The Playboy of the Western World by John Millington Synge.

Smock Alley Theatre, 7 Lower Exchange Street, County Dublin. To 5 August.
7.30 pm. Saturday and Sunday matinee at 2.30 pm.
Runs 120 mins, one interval. To Sun 05 08 12
Tickets: 00 3531 677 0014

Review: Michael Paye 13 July 2012.

An enjoyable, energetic performance in the intimate confines of Ireland’s oldest theatre.

J. M. Synge is rightly considered one of the finest playwrights of the twentieth century. The Playboy of the Western World, which premiered in Ireland for the first time at the Abbey theatre in 1907, caused riots in a time of political turmoil. Synge would be dismissed as a Protestant writer who did not understand the inner workings of Catholic, rural Ireland, which many were desperately trying to create through national theatre. Despite such issues, The Playboy’s power lies not in its controversy, but in the inherent realism of the characters, plot, and politics which could elicit such strong responses at its opening on Saturday, 26 January, 1907.

Pegeen Mike looks all set to marry Shawn Keogh, a weak willed man, often referred to derisively as Shawneen (Little Shawn) by his likely wife. This plan is thrown into turmoil with the arrival of Christy Mahon, a man who claims to have killed his father. He becomes a local romantic hero, the measure of manhood and Pegeen’s love interest almost immediately. Christy’s mettle is put to the test as the story unfolds, and a keyhole view of this Mayo village is granted to the audience.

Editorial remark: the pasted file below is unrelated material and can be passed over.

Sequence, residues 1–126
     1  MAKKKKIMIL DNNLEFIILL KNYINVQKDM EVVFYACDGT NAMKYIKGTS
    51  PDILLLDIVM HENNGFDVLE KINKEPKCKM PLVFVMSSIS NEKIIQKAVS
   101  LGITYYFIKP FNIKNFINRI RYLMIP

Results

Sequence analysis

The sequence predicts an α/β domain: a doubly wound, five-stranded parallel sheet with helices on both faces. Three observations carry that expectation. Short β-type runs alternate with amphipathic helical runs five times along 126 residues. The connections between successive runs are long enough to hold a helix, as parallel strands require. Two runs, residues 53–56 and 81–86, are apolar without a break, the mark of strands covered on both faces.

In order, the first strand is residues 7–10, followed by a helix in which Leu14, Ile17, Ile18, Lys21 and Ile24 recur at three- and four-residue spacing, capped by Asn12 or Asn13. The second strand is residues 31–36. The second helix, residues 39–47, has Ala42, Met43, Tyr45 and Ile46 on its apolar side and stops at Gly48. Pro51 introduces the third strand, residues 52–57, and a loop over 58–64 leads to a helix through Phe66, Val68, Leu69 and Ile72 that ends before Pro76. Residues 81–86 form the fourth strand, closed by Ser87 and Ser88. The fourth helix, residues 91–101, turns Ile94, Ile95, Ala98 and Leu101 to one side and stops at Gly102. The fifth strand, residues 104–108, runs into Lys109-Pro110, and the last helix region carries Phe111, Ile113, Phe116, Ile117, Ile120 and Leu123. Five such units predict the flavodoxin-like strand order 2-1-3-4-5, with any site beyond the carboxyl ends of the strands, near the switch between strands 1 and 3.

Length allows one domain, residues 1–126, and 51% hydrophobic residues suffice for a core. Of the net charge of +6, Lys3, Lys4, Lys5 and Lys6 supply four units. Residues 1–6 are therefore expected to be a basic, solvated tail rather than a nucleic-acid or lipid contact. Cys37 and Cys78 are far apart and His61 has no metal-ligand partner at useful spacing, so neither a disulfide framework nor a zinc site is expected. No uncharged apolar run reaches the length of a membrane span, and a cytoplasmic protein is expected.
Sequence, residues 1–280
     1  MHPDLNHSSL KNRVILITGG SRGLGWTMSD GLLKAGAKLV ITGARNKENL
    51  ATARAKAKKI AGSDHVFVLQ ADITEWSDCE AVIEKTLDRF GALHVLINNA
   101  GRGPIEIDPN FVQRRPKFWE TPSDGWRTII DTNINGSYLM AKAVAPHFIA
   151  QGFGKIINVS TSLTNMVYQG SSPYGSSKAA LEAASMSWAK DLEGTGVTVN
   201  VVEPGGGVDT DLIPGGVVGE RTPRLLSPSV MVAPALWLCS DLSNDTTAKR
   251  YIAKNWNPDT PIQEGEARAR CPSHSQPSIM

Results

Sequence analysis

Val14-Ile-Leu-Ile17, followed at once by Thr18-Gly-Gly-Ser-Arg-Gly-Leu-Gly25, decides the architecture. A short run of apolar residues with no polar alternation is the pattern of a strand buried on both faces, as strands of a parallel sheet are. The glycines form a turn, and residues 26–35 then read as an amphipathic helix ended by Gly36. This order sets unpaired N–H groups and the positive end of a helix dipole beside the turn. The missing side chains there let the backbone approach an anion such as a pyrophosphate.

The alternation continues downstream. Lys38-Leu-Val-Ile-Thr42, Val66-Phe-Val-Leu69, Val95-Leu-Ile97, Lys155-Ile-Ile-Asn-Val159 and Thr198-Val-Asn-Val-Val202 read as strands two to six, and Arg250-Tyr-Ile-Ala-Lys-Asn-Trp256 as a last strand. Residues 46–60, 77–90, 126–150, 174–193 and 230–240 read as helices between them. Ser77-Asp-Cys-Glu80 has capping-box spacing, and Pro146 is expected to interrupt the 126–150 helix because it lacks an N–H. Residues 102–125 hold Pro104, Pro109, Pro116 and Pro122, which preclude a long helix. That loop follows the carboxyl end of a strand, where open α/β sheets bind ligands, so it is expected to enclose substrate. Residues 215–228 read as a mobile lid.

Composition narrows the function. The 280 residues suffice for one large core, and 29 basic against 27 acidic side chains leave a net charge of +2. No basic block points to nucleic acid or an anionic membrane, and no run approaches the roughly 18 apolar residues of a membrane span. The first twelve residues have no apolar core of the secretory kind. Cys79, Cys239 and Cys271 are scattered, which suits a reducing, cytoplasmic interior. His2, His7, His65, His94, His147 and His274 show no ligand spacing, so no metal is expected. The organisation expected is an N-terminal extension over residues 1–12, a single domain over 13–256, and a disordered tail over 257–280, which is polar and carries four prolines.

Muiris Crowley, playing Christy, delivers a performance of skill and liveliness. His energy leaps off the stage without becoming farcical, and he epitomises the romantic hero which these townspeople desire and create. Simon Stewart (Shawn Keogh) gives a comical performance. Amanda Coakley is a fine, strong-willed Pegeen Mike, while the sexual flirtation of the Widow Quinn is played up by Andy Crowe to wonderful effect. The entire cast is strong, and shows a depth of understanding in language, accents, and story.

Occasionally, the carnavalesque, pantomime atmosphere goes somewhat awry and is more a distraction than an addition to the performance. In particular, when Christy first arrives and relates his story to Michael James, well-played by John Burke who does one of the finest drunken belches I have ever heard. Shawn Keogh’s fearful jittering distracts from Pegeen Mike’s reaction to Christy in particular. That being said, such moments are well balanced by the romance between Pegeen and Christy, and Pegeen’s final words are delivered with an air of solemnity which suits the end of the play.

It’s clear that director Patrick Sutton knows his project well. Along with the players’ great understanding and performance, this is a wonderfully witty, energetic show well worth seeing.

Amanda Coakley: Pegeen Mike.
Muiris Crowley: Christy Mahon.
Simon Stewart: Shawn Keogh.
Andy Crowe: Widow Quinn.
John Burke: Michael James.
Paul Elliot: Jimmy Farrell.
John Delaney: Philly Cullen.
Leah Minto: Susan Brady.
Elizabeth McGrath: Honor Blake.
Caroline Power: Sara Tansey.
Donal Hurley: Old Mahon.

Director: Patrick Sutton.
Producer: Clíona Dukes.
Costume Design: Janis Martin.
Set & Lighting Design: Marcus Costello.
Stage Manager: Tara Conlon.
Technical Manager: David Halpin.

2012-07-14 09:58:18

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